When you reset a site getting it back up to a working state can take up a lot of time. If you have a default set of themes and plugins, you fall back on getting started each time WP Reset has something that will make your life much easier.
The collection function, as the name suggests, allows you to create a collection of preferred themes and plugins that are bundled up and can be implemented on a new site with just one click. No more installing and activating everything separately, losing precious time in the process of a tedious task.
All your collections are stored on the cloud and are instantly accessible the moment you run WP Reset on your site. In case of a site reset you can make WP Reset available immediately upon startup, but if you’re looking to boot up a collection on a new site, you’ll have to install WP Reset manually, after which, it’s all a breeze.
Emergency Recovery Script
Last, but most certainly not least, WP Reset gives you the Emergency Recovery Script (or ERS). It’s probably the best thing about the plugin brimming with other fantastic features – the ultimate safeguard against anything bad that can happen.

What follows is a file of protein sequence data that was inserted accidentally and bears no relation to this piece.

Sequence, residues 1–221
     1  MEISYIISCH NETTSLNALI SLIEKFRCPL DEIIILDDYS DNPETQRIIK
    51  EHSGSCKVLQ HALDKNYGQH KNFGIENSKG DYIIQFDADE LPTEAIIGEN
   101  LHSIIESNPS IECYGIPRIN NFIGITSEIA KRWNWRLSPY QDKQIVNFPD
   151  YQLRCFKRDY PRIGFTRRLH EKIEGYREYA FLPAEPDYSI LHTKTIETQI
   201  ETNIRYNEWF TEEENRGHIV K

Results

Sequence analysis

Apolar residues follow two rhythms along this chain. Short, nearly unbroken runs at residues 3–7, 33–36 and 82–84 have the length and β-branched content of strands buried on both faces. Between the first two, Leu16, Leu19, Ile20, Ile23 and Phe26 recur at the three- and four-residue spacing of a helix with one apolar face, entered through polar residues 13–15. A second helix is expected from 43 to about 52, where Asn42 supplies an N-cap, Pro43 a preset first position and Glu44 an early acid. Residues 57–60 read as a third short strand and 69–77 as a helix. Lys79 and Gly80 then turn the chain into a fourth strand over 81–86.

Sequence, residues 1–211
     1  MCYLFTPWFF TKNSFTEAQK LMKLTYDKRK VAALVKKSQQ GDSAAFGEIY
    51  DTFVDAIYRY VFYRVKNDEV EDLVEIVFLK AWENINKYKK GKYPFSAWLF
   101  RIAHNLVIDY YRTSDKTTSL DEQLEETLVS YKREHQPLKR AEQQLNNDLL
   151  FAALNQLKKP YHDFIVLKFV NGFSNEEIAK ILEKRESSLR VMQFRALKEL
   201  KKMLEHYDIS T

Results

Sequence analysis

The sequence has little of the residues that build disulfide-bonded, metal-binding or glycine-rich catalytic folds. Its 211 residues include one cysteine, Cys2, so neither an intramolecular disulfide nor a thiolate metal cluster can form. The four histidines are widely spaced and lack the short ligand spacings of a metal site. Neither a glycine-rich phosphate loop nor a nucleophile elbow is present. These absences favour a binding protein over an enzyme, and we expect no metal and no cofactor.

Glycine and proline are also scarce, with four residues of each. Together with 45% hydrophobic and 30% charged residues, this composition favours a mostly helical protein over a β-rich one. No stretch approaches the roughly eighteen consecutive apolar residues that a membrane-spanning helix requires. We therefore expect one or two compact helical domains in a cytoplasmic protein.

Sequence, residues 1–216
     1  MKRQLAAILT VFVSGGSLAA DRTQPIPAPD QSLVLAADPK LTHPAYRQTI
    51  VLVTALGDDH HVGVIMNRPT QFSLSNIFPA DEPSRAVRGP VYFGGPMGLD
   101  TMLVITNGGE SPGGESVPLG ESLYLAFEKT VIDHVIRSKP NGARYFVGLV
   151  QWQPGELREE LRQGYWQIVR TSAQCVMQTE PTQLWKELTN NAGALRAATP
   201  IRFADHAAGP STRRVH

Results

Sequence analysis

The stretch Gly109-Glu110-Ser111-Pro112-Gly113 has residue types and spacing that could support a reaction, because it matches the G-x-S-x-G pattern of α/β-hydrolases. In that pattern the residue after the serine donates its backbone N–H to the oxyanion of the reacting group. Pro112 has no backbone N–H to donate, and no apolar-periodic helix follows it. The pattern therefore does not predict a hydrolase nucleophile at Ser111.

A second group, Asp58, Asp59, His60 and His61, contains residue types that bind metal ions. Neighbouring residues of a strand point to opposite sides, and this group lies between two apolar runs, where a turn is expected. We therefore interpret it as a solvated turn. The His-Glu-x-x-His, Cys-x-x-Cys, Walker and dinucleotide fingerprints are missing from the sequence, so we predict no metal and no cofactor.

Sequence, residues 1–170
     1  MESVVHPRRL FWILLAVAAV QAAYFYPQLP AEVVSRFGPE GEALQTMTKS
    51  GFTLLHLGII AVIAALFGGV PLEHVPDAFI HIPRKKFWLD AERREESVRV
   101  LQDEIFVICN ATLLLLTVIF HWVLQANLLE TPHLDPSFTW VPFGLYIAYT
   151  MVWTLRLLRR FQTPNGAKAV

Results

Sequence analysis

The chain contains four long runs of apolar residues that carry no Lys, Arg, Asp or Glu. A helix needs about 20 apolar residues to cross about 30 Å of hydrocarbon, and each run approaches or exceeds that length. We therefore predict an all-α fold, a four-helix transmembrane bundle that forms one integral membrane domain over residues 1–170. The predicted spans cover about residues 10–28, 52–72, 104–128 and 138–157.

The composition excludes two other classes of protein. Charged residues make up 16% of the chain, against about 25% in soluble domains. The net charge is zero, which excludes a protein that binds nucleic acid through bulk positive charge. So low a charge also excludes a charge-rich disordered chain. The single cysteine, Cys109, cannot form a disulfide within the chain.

The ERS is a single-file PHP script that works independently of WordPress and can recover your site in case something goes terribly wrong. That means that even if you’re locked out of your backend, you’ll still be able to access your data.
ERS is crucial for safety once your site is live, so you can always revert to a working state. However, it can also be useful through the development process. The more you test, the more chances there are of a possible breakdown – you are developing, after all.
A faulty or incompatible theme or plugin could cause serious issues, you could be locked out, the white screen of death could pop up, there’s a plethora of possible issues, and the ERS is there for you no matter what it may be.
Everybody is looking to make the development phase of creating a site as quick and simple as possible. Each moment you’re not live is essentially wasted – you want your content out there. WP Reset is one of those plugins that can help you achieve all you’ve set out to do, across the board.
With it, you’ll keep your data safe, enabling you to make your tests unencumbered, along with the option to quickly revert to previous states when functionality wasn’t an issue. Be sure to check it out before you start your new round of tests.